Donna Miscolta, a writer, educator and 4Culture award recipient, shares her experience in working with students in the Proyecto Saber program, as well as some of the student’s writing.
I See the World Differently
As a writer in Seattle, I’m lucky to have had the support of two arts organizations. Funding from 4Culture and from the Seattle Office of Arts and Cultural Affairs helped me complete my novel When the de la Cruz Family Danced and is now providing support for my novel-in-progress. A component of the grant awards is a community involvement project. I described in a previous post my visits to Ballard High School to read and discuss flash fiction with students in Proyecto Saber, a program that provides academic support to Chicano/Latino students. The students created their own short prose pieces and some of them shared their work at a reading at a local bookstore last November. All of the work was compiled in a chapbook titled I See the World Differently. Here are a few examples from the chapbook.
From One Minute to the Next
I began my wild life at a very young age. I was involved in alcohol, drugs and other bad things. I was thirteen years old. The people I was around were in their twenties. I was never scared. Nothing mattered to me. I was living my parents’ divorce. This was my life for four years. There were many lies involved. There was skipping classes, absences, court dates, and more lies. I even ended up in Mexico, a runaway. There I saw even more things. More drugs, violence, deaths, guns, beatings, knives, blood. Coming out of a bad relationship, I found out I was pregnant. At first, I did not know what to do. I thought of ending the pregnancy, but then I realized that my baby wasn’t to blame for my stupidity. I left everything bad for my son. I headed back to the U.S, walking, and six months pregnant.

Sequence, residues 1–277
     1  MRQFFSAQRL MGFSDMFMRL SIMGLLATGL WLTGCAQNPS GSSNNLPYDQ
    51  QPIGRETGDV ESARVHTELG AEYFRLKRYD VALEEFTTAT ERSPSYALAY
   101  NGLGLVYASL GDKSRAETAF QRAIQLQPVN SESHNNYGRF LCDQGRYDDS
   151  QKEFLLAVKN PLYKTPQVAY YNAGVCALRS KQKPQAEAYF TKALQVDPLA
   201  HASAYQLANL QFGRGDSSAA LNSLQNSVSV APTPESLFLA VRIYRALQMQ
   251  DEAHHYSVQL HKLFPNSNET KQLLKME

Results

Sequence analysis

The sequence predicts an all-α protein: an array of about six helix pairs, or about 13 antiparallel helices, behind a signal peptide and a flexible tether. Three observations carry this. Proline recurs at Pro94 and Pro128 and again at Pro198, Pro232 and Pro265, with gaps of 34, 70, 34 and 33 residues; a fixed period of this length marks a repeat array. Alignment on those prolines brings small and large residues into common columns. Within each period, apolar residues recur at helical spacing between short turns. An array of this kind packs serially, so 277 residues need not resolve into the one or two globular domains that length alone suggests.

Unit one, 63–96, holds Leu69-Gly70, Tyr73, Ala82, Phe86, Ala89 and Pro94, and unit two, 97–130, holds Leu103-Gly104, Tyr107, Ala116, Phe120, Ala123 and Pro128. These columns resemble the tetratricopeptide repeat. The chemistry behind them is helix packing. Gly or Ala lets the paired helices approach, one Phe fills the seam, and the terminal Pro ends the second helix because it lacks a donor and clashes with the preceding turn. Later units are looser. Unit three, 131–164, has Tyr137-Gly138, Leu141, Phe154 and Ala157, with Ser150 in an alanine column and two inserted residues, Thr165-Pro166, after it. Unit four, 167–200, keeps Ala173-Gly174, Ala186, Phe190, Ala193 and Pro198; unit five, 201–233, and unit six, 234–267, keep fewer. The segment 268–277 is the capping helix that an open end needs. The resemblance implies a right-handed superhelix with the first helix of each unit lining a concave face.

Yemery Tinoco is a 20-year-old full-time mother. She’s getting married this month and is expecting a baby. Her goals are to get her diploma, study cosmetology, and open her own salon.
He woke up and realized that he didn’t have a lot of friends—only about ten in the entire school. He didn’t really smile a lot and he wasn’t the most talkative person, so maybe that had something to do with it.
He decided he was going to change his attitude to be more positive and agree with more people, and also smile more and see what happens. This turned out to work pretty well because he was more approachable. Some people eventually thought that because he agreed with them all the time, he was faking it and they stopped talking to him.